• Prepare and practise a home fire escape plan, including a safe meeting place.
  • Ensure bedrooms have two ways out (a window and a door).
  • Teach everyone to get out and stay out! Don't go back in for any reason.
  • Everyone in the home should know how to call 9-1-1 from a safe area and give the address of your location.
  • Windows should open easily. If windows have security bars, ensure they have a quick release.
  • Keep entrances, doorways, and hallways clear of obstructions.

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Heating Safety
  • Ensure portable heaters have 3 ft. of clearance around them.
  • Turn off portable heaters when going to bed or leaving the room for a long period of time.
  • Check and/or service furnace and gas fireplaces annually.
  • Have wood fireplace chimneys inspected and cleaned annually.
  • Gas and/or wood fireplaces should have a screen to prevent burns to children.
Electrical, Electronics, and Appliances
  • Ensure electrical outlets are not overloaded. Use a power bar with its own breaker.
  • Do not use extension cords for permanent wiring.
  • Do not run extension cords across doorways or under carpets and rugs.
  • Make sure your electrical outlets are child safe - use child-safe covers.
  • Ensure outlet and switch faceplates are secure, in place, and in good condition.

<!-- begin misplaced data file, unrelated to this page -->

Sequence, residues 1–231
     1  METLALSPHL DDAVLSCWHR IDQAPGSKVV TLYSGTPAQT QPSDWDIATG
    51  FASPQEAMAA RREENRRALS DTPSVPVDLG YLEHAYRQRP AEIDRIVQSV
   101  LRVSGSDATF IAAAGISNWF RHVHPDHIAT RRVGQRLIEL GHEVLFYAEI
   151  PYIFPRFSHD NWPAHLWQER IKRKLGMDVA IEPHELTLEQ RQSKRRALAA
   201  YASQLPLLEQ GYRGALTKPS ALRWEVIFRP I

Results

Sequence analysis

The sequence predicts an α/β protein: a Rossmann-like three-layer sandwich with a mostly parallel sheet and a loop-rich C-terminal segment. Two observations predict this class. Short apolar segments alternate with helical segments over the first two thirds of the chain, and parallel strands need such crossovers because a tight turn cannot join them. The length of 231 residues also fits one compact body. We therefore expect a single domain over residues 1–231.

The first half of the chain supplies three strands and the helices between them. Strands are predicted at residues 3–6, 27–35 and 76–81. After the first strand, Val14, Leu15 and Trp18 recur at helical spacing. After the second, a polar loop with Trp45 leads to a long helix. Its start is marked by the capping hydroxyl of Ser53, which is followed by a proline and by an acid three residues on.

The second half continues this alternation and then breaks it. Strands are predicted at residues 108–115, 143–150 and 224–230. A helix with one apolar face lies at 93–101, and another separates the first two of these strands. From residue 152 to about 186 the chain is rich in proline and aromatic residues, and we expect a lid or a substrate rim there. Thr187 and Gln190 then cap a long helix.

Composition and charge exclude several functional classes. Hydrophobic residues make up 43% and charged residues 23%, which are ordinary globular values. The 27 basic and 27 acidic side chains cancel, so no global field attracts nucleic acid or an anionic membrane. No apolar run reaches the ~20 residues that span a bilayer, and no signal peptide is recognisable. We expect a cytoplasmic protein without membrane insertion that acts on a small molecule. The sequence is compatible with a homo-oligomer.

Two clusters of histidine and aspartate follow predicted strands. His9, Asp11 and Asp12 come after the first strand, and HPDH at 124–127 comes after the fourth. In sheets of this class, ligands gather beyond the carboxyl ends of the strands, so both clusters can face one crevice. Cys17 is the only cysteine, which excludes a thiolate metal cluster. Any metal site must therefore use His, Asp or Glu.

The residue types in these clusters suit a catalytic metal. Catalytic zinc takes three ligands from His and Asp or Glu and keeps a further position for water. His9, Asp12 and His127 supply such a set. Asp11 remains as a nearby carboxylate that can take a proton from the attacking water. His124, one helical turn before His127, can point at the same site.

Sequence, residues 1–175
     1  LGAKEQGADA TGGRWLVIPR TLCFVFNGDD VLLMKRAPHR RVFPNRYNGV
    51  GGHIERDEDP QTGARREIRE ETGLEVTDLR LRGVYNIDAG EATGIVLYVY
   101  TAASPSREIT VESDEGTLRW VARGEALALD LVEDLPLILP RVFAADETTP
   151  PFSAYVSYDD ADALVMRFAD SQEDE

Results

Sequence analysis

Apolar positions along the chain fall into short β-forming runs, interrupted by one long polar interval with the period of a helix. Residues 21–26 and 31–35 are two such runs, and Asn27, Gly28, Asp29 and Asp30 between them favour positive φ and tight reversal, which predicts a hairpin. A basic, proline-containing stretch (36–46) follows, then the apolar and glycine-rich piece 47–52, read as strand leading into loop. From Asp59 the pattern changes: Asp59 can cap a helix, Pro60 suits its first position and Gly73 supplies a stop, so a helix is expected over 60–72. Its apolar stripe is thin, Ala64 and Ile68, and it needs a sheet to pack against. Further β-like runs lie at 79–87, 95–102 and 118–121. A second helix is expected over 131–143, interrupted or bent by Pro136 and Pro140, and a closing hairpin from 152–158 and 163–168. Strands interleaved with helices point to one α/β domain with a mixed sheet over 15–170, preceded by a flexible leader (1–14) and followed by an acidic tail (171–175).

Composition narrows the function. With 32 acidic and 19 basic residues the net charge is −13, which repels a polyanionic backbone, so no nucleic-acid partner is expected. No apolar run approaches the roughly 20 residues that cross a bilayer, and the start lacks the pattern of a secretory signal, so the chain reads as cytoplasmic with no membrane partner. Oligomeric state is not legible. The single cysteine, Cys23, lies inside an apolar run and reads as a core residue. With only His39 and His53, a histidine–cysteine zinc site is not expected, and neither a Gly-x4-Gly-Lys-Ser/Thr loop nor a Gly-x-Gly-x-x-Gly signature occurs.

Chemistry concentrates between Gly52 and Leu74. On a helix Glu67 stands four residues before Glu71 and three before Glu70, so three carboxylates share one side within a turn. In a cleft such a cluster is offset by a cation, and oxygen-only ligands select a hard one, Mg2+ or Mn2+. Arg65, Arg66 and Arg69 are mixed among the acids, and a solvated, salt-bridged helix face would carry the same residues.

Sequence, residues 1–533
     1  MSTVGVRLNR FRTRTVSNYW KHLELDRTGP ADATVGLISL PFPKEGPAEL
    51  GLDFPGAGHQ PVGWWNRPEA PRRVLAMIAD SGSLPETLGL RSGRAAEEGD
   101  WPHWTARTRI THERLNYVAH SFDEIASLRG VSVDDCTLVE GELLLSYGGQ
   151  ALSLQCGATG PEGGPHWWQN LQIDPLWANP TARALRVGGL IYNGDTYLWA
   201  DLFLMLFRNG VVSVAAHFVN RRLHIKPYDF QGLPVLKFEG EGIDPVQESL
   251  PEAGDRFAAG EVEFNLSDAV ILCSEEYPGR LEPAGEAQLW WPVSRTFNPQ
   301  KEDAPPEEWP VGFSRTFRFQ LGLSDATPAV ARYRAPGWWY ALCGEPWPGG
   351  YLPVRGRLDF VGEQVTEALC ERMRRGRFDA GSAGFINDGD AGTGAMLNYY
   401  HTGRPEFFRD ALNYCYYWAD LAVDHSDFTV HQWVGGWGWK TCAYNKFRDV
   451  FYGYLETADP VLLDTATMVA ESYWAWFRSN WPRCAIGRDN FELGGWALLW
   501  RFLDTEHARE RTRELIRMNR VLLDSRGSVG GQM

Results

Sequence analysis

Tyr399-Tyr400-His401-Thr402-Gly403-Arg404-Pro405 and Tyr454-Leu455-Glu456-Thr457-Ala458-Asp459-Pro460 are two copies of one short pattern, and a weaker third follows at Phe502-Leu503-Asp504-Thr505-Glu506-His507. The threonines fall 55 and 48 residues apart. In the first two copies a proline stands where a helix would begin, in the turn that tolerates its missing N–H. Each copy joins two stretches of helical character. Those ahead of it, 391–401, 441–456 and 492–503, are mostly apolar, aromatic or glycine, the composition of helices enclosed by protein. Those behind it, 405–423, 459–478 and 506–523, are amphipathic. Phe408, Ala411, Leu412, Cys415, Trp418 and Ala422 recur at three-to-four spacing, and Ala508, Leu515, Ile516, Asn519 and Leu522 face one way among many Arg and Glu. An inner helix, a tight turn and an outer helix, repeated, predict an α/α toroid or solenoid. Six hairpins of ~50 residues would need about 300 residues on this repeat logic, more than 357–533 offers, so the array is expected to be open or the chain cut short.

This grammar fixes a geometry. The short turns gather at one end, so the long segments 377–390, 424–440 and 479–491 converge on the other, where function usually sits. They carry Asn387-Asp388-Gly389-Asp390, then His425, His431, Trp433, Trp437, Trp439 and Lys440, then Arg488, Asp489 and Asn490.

• Make sure candles are extinguished when you leave the room or go to bed.
  • Keep candles two feet away from anything that can burn, such as clothing, curtains, blinds, etc.
  • Candles should be in a non-combustible holder that won't tip over.
Lighting Safety
  • Make sure bulbs in lighting fixtures are the correct wattage for the fixture to prevent overheating.
  • Check that switches are in good condition and there is no evidence of arcing or overheating.
  • Make sure your lamps are clear of combustibles and curtains and that they sit on a level, sturdy surface.
  • Lamp shades should be used to protect the bulb in case the lamp tips over.
  • Never drape clothing over a lamp to darken a room.
Kitchen - Cooking Safety
  • Always stay in the kitchen while cooking - never leave food unattended on the stovetop.
  • Keep towels, curtains, and other combustibles away from heat sources, such as the stove top.
  • Keep the stove and oven clean and free of grease.
  • Have a lid nearby to cover a pot or frying pan.
  • Never carry a pot or frying pan that is on fire. The contents can spill over, spreading fire or seriously burning you.